Release Date: May 4, 2015
Record label: Sub Pop
Genre(s): Pop/Rock, Alternative/Indie Rock, Alternative Pop/Rock, Post-Rock, Experimental Rock, Neo-Psychedelia
Four years after their debut, the Seattle band return with a layered record that has atmospheric dusty blues as a benchmark, but a wider horizon of ambition. The Ennio Morricone feel kicks in immediately with Bodhi Song, an introduction to a set of tracks that build and fall in semi-psychedelic density; the spacey distortion of the soulful Blind is a compelling high point, with its downbeat lyrics talking of wanting to break free but being shot down. It’s tempting to imbue the words throughout with significance: “Shame, it ain’t never, never gonna happen,” sings Rabia Shaheen Qazi on Glory Glory, which is ironic in light of reports that the group have already split up.
Head here to submit your own review of this album. It is unusual to review a new album in the past tense, but by the time Sub Pop were set to release this self-titled, second album from the Seattle group Rose Windows, the band had called it a day. Just five weeks before the release date the group issued a dramatic, thoughtfully worded statement on their Facebook page announcing that "Rose Windows will no longer be moving forward." Sadly, the history of the band is now a brief one.
On the 30th March 2015, Seattle psychedelic rockers Rose Windows announced via Facebook that they had split. Turns out it wasn’t an ever so slightly early April Fool gag either; they really have called it quits just a month before their second long player now arrives. “Sometimes in life we come across pure beauty – an experience that moves us towards a sense of hope; a complete respect for the purity and love that life can offer,” the official statement read before declaring that they would “no longer be moving forward”.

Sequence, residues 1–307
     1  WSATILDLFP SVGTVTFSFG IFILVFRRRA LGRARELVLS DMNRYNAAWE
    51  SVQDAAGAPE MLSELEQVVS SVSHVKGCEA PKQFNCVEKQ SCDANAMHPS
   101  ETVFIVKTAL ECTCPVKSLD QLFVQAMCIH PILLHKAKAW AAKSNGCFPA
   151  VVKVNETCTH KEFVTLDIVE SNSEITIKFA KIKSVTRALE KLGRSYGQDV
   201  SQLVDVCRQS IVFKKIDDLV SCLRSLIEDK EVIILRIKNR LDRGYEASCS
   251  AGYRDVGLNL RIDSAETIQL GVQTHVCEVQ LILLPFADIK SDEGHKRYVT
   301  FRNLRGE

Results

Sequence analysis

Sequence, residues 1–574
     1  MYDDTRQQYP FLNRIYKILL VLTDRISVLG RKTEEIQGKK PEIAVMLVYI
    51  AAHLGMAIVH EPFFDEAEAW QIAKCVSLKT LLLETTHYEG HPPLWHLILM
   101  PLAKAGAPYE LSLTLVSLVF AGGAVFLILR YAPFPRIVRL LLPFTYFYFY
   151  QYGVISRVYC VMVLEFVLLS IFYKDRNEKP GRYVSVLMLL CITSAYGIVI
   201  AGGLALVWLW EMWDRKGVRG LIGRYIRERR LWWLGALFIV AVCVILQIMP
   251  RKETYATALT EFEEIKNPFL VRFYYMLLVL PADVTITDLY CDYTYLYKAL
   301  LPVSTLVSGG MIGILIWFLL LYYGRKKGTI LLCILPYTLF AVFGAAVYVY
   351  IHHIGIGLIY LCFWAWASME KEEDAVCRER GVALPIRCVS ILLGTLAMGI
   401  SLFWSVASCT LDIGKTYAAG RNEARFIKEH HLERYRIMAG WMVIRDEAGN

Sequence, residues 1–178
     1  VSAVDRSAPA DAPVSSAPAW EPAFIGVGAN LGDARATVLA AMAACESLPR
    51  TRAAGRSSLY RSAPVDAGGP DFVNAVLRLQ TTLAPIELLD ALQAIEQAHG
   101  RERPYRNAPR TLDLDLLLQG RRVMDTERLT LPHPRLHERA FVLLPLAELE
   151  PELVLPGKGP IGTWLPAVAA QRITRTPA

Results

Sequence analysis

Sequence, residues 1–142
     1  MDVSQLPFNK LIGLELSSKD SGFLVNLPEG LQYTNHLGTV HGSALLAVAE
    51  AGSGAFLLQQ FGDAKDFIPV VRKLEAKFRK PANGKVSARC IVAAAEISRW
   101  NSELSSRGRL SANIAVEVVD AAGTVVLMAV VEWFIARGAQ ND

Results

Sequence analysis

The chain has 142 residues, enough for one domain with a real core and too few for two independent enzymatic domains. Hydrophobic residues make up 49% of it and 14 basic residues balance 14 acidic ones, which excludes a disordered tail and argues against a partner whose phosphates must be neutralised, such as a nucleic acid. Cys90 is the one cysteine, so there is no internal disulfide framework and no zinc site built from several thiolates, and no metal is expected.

Two albums down, none to go. Rose Windows’ second album is so wracked by tension and so smothered in its own claustrophobic impenetrability it’s not exactly surprising they have just decided to quit.. ADVERTISING inRead invented by Teads.
Seattle-based psych-rock explorers Rose Windows made their debut in 2013 with The Sun Dogs, an ambitious, sprawling album that veered from country, folk, and blues influences to space rock, with string arrangements recalling Persian traditional music. The album had several concise folk-psych songs, but its highlights were when the band stretched out for ambitious jams such as "Native Dreams" and ten-minute epic "This Shroud. " The group's self-titled second album cuts down on the group's more excessive tendencies, with only "A Pleasure to Burn" surpassing the five-minute mark, and seems to have more of a stripped-down songwriting style as well.
The release of the second, self-titled album from Seattle sextet (that has a nice ring to it doesn’t it, shame I didn’t come up with it) Rose Windows carries an extra poignancy with the group's recent announcement of their immediate disbandment. So what could have been a strong step in the right direction and a statement of future intent instead becomes a posthumous memorial to an act of great promise. In the statement announcing their breakup, the band are clear: 'The music we’ve created will always be close to us and remind us of all the beauty and love the world has to offer.